Gladys had a blog on Sunday Sequence’s interview with two former members of the Consultative Group on the Past: Denis Bradley and Rev. Lesley Carroll in which they called for Eames Bradley to be looked at again. My comments on Eames Bradley are posted below. It seems, however, that Gladys and myself are not the only ones to have picked up on the potential appearance of an undead Eames Bradley. The editorial in this weeks Church of Ireland Gazette will focus on Mary Travers’s murder and Eames Bradley. It is fairly short so I will reproduce it in full:
The recent appointment of Mary McArdle as a special adviser at Stormont was insensitive not only because she had a part in the 1984 murder of the 23-year-old Mary Travers but also because Mary Travers was so brutally attacked coming with her parents, precisely, from Mass. The sanctity of the moment at which her young life was so cruelly taken only gives the sin yet more depth. Mary McArdle has now described the killing of Mary Travers as a tragic mistake and has said that she regrets that it happened, yet her appointment has highlighted again the issue of coming to terms with the past in Northern Ireland.
Last Sunday, Denis Bradley and the Revd Lesley Carroll – of the former Consultative Group on the Past (CGP) – appeared on the BBC’s Sunday Sequence programme. Lesley Carroll said that society had let the CGP’s report “sit there” and plainly stated that if she were doing the CGP report again, she would not do anything differently. For his part, Mr Bradley said that increasingly people were now discussing the subject in a more “rational” manner.
Contrary to Lesley Carroll’s view, society has not simply shelved the CGP report. It has rejected it. Nor was she correct to indicate that the CGP report has yet to be properly debated and that the debate which did take place was on the recognition payment proposal rather than the whole of the report. In fact, the CGP report has been considered very carefully indeed, in its totality, by political parties, Churches and individual groups and people. The Northern Ireland Office ran a whole public consultation on it, and has published the results. Then again, for Mr Bradley to suggest that people had not been sufficiently rational in their consideration of the CGP report is simply an affront to the public. Both former CGP members came across on the programme rather as spoilt children who had not got their way. They should have paid more attention to the responses to the NIO’s consultation on the CGP’s recommendations and, indeed, to the ‘Advice to Government’ of the Commission for Victims and Survivors in its Dealing with the Past document, upon which we commented very favourably in our issue of 9th July last year.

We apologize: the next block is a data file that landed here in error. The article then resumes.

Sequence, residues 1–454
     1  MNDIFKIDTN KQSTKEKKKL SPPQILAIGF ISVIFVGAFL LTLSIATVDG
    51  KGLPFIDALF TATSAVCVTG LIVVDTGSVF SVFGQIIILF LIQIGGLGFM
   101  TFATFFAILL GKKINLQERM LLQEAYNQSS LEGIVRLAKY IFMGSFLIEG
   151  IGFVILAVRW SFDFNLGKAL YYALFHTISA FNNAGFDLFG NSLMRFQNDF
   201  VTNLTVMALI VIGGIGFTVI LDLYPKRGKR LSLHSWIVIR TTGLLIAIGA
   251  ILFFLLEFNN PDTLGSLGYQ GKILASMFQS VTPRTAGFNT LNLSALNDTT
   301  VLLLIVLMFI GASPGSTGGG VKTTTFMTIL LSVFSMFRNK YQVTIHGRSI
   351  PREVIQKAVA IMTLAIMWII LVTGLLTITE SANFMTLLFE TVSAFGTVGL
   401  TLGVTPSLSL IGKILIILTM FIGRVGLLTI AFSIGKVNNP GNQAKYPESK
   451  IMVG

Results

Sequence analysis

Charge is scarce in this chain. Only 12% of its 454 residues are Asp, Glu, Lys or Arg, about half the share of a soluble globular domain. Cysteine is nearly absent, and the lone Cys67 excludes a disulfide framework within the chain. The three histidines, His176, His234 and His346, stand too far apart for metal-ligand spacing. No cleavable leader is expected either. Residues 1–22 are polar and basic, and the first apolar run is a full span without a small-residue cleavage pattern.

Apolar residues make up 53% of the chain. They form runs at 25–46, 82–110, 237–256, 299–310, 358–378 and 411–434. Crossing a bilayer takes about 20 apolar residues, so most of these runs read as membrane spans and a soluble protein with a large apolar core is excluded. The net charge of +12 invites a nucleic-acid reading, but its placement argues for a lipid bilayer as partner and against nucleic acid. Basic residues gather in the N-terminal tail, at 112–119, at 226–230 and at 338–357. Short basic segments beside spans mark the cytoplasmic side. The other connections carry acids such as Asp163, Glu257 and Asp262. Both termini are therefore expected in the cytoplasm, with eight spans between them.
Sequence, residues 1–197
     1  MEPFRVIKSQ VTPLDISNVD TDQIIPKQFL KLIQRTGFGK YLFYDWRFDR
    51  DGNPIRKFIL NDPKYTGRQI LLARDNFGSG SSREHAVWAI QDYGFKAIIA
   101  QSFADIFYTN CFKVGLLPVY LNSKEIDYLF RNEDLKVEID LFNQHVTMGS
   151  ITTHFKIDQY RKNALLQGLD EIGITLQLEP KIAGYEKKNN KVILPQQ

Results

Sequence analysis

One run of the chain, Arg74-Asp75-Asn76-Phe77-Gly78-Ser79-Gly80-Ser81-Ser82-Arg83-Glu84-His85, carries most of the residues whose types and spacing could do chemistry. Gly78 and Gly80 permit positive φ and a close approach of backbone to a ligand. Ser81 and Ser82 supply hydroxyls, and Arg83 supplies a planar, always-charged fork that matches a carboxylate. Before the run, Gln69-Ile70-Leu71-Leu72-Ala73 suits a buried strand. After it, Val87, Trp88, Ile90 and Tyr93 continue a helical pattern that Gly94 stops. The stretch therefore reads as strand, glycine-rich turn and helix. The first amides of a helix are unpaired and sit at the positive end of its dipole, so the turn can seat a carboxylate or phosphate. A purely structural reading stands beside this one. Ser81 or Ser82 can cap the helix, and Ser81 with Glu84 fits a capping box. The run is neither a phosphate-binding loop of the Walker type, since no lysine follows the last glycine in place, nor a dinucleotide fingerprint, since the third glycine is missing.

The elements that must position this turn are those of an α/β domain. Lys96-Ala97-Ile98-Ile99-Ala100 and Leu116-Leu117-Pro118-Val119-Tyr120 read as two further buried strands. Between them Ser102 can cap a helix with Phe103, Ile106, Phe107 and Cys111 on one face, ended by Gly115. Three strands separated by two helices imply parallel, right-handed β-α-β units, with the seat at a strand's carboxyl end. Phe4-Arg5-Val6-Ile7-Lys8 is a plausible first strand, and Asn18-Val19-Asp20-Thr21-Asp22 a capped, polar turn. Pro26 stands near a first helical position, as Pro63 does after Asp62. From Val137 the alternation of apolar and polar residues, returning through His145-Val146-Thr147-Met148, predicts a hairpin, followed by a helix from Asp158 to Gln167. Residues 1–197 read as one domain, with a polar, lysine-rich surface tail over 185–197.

It is good that former terrorists have left violence behind and have embraced the peace process and democracy. Yet they should never expect people in the rest of society, who have been very magnanimous towards them, to accept that there was ever anything right, reasonable or justified about their acts of terror. We must strive for a reconciled and shared future that is not based on a disingenuous re-writing of history but on the values of decency, democracy and genuine concern for the welfare of every person.
This author has not written a biography and will not be writing one.